Structure, Specificity, and Mode of Interaction for Bacterial Albumin-Binding ModulesJohansson, M., Frick, I., Nilsson, H., Kraulis, P., Hober, S., Jonasson, P., Linhult, M., Nygren, P., Uhlen, M., Bjorck, L., Drakenberg, T., Forsen, S., Wikstrom, M.
(2002) J Biol Chem 277: 8114
- PubMed: 11751858
- DOI: 10.1074/jbc.M109943200
- Primary Citation of Related Structures:
- PubMed Abstract:
We have determined the solution structure of an albumin binding domain of protein G, a surface protein of group C and G streptococci. We find that it folds into a left handed three-helix bundle similar to the albumin binding domain of protein PAB fro ...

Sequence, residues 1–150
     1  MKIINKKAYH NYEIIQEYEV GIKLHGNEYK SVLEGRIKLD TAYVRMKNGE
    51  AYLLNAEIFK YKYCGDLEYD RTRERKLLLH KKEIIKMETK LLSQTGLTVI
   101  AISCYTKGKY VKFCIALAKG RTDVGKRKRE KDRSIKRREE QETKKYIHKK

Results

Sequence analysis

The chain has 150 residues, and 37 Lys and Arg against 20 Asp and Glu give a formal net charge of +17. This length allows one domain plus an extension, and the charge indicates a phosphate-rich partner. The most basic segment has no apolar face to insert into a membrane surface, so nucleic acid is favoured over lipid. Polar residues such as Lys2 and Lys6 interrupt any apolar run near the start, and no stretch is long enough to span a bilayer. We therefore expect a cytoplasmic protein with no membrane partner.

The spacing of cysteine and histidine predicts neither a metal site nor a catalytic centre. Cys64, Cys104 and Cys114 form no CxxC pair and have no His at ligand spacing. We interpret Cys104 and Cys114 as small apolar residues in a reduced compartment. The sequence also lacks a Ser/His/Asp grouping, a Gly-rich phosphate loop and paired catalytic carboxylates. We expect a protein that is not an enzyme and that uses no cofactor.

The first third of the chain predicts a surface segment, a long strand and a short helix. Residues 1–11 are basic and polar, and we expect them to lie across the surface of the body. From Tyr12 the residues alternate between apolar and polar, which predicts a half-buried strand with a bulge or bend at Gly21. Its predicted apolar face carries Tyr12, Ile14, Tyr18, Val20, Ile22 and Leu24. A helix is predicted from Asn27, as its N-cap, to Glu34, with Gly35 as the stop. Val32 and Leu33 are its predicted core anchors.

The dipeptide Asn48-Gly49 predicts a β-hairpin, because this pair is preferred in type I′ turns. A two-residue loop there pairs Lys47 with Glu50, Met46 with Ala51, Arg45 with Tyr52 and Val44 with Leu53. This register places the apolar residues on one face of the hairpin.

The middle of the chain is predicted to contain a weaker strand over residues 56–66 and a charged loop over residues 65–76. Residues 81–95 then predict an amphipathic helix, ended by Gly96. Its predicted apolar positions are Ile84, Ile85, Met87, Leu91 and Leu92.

We have determined the solution structure of an albumin binding domain of protein G, a surface protein of group C and G streptococci. We find that it folds into a left handed three-helix bundle similar to the albumin binding domain of protein PAB from Peptostreptococcus magnus. The two domains share 59% sequence identity, are thermally very stable, and bind to the same site on human serum albumin. The albumin binding site, the first determined for this structural motif known as the GA module, comprises residues spanning the first loop to the beginning of the third helix and includes the most conserved region of GA modules. The two GA modules have different affinities for albumin from different species, and their albumin binding patterns correspond directly to the host specificity of C/G streptococci and P. magnus, respectively. These studies of the evolution, structure, and binding properties of the GA module emphasize the power of bacterial adaptation and underline ecological and medical problems connected with the use of antibiotics.
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